Kenneth Cohen

Despair to Salvation

The story of Yehuda and Tamar has an aspect to it, that could be connected to Chanukah.

Tamar was the daughter of Shem the son of Noach. She was considered like the daughter of a Kohein. Her father was called a Kohein. She greatly longed to be part of the Messianic line.

She somehow knew that this line would come by way of Yehuda. When she saw that Yehuda’s third son was not going to be given to her, she devised her plan to entice Yehuda himself.

The Baal Haturim noted that her pain was very great. This allowed her to suffer the humiliation of being thought of as a זונה, a harlot. It is no coincidence that when Jeremiah laments the exile, he asks how Jerusalem has become violated like a harlot.

The common thread between Tamar’s humiliation and Jerusalem’s desecration, as well as the spiritual degradation that the Jews experienced under the Syrian-Greeks was the same.

The pain that was felt was temporary. The ultimate result was glory for Israel. This is an important reminder that we must never despair when going through difficulties in our lives. We must believe in the power of prayer. And we must understand that the difficulties are there to shape us into becoming better people.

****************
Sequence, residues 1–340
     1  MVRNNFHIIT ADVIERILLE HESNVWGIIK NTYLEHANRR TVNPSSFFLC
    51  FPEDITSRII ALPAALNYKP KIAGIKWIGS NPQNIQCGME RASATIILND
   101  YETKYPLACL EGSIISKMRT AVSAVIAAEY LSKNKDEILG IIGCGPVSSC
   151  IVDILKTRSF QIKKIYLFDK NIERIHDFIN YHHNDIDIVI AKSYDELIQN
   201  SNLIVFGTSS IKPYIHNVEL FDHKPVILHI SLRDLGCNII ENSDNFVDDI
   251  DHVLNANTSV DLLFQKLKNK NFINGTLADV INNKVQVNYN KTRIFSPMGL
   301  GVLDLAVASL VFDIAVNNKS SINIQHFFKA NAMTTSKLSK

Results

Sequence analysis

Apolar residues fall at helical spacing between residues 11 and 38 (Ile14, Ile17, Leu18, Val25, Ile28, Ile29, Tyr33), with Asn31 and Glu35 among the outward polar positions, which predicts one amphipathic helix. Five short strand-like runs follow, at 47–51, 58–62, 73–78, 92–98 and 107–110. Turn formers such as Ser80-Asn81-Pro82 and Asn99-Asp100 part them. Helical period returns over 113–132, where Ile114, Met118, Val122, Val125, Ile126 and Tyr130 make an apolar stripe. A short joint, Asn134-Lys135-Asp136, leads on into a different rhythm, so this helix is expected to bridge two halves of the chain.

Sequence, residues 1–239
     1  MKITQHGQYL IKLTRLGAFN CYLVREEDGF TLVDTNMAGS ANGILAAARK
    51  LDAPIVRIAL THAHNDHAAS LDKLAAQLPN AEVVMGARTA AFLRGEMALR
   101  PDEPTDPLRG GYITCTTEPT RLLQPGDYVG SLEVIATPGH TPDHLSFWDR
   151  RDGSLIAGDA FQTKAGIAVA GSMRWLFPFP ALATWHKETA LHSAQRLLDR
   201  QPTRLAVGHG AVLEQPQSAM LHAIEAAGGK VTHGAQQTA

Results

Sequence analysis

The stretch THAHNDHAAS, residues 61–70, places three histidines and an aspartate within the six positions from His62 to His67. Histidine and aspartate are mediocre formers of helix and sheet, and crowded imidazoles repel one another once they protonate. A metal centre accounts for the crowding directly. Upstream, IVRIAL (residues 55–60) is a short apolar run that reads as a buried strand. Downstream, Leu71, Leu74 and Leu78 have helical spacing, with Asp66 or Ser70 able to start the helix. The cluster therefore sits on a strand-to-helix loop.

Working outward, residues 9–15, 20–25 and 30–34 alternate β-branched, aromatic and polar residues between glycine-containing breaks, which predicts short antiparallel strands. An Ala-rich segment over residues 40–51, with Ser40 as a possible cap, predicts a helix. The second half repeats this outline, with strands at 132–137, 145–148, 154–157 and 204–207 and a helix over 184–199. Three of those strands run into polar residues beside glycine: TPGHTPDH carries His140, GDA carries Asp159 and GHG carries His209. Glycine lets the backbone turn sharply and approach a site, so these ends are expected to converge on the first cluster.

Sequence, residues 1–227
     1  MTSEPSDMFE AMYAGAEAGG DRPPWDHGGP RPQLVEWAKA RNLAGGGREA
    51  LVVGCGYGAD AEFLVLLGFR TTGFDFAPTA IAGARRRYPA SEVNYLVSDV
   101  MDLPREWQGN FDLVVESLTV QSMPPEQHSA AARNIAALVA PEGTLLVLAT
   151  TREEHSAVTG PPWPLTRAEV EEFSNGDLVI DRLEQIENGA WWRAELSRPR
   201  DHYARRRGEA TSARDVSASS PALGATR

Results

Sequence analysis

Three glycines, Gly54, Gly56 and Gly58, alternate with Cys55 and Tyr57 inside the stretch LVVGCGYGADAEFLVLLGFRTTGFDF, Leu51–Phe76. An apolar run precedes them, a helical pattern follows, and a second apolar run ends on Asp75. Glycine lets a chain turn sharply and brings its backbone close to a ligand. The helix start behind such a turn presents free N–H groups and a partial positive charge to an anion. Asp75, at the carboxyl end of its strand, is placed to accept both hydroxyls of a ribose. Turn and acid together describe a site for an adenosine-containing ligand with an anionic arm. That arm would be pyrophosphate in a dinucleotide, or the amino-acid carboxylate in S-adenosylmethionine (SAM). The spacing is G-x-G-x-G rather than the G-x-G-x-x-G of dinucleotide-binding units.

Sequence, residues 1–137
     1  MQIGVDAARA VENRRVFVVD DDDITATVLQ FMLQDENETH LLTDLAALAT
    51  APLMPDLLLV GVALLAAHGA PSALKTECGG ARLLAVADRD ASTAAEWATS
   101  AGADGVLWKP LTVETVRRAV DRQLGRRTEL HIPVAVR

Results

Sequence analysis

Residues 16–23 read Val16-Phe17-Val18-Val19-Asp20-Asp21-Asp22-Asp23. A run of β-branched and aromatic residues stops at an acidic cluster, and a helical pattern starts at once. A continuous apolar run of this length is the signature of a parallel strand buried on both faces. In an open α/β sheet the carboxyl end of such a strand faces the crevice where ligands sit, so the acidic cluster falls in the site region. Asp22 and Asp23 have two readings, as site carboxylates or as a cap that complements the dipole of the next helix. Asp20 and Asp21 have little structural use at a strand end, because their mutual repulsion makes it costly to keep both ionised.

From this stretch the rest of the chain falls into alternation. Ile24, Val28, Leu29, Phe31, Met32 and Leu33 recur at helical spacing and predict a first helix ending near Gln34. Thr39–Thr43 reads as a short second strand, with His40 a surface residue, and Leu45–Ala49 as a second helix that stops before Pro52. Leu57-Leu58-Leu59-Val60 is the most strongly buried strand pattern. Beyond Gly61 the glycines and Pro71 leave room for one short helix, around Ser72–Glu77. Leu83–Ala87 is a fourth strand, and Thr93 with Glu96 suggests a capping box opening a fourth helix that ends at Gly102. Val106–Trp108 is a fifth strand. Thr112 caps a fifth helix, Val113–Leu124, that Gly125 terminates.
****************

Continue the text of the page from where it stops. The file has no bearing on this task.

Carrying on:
Whatever happens on a national level, also applies on a personal level. The pain can be transformed into joy, the darkness into light, and humiliation into redemption. This is the lesson learned from Tamar, and it is also the lesson of Chanukah.

About the Author
Rabbi Cohen has been a Torah instructor at Machon Meir, Jerusalem, for over twenty years while also teaching a Talmud class in the Shtieblach of Old Katamon. Before coming to Israel, he was the founding rabbi of Young Israel of Century City, Los Angeles. He recently published a series of Hebrew language-learning apps, which are available at
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